Tarongas floral clock gets a new 80th birthday face
Monday 9th February 2009

9th Febuary 2009

 floral clock birthday

Taronga Zoo’s Floral Clock is celebrating its 80th birthday with a special planting during its Anniversary year.

The unique clock is one of only three traditional mechanical floral clocks in the world and was donated to the Zoo by the late Sir Arthur Rickard, KBE, of Sydney.

The birthday preparation began in early December and the planting has reached full bloom in time for a commemorative visit by Sir Arthur’s oldest granddaughter, Yvonne Howarth who was 15 years old when the clock was donated.

Taronga’s Manager of the Horticultural Unit Martin Gordon, said: “It’s a magnificent display we’ve designed to acknowledge our Floral Clock’s 80th Anniversary. The floral timepiece is set amongst a wash of purple Heliotrope and framed by English Box Hedges with a backdrop of topiary Zoo creatures. The formal garden took four horticulturalists over a week to plant and the clock face contains over 1,500 plants,”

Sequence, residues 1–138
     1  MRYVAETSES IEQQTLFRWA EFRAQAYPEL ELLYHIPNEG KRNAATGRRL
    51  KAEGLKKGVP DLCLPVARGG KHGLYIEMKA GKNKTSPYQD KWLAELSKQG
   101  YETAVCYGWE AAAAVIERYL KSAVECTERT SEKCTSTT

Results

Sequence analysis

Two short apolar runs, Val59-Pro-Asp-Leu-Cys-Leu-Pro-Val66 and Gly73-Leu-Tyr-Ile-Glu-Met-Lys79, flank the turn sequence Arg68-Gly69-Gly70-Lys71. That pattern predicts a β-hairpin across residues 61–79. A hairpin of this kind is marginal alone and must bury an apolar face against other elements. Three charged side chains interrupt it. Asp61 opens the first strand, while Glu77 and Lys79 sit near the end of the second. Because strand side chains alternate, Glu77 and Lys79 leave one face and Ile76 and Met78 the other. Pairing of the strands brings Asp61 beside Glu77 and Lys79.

Sir Arthur Rickard was a renowned real estate developer especially known for opening up much of the waterfront land across Sydney. He purchased the clock from Scotland at a cost of 200 Pounds and it was officially set-in-motion at the Zoo on the 19th December 1928.

“We are looking forward to welcoming Yvonne to the Zoo to revisit her Grandfather’s timeless gift. Over the years, the clock has seen many changes and we’ve designed a number of displays to reflect special events such as the New Millennium and the Olympics,” said Martin.

While the Zoo’s horticultural practices have changed over the years since the clock’s installation, the floral garden is one of the few areas where traditional horticultural practices have remained.

Martin Gordon said: “The traditional English style garden receives much attention. We spend over 30 hours a week just maintaining it, using traditional horticultural techniques such as hand cultivating the soil and clipping the hedges weekly to ensure the Roman numerals set into the clock face remain distinct.”

Visitors can also see how a traditional mechanical clock operates from an observation window situated below the viewing platform. The mechanism is the same as that of a tower clock where weights drop into a deep pit which sets the movement of the hands.
 
The formal English-style garden is comprised of a clock face with two crescent shaped beds either side, and beds around the perimeter. Three topiary animals, a kangaroo, an elephant and emu are featured at the rear of the garden. The clock keeps time accurately, “cuckooing” every 15 minutes and is wound once a day. The large clock face has diameter of 5.5 meters with huge hands stretching 1.8 and 2.7 meters.

For more information contact Media Relations:

Ph: +61 2 9978 4606
Fax: +61 2 9978 4511
Email: tzpr@zoo.nsw.gov.au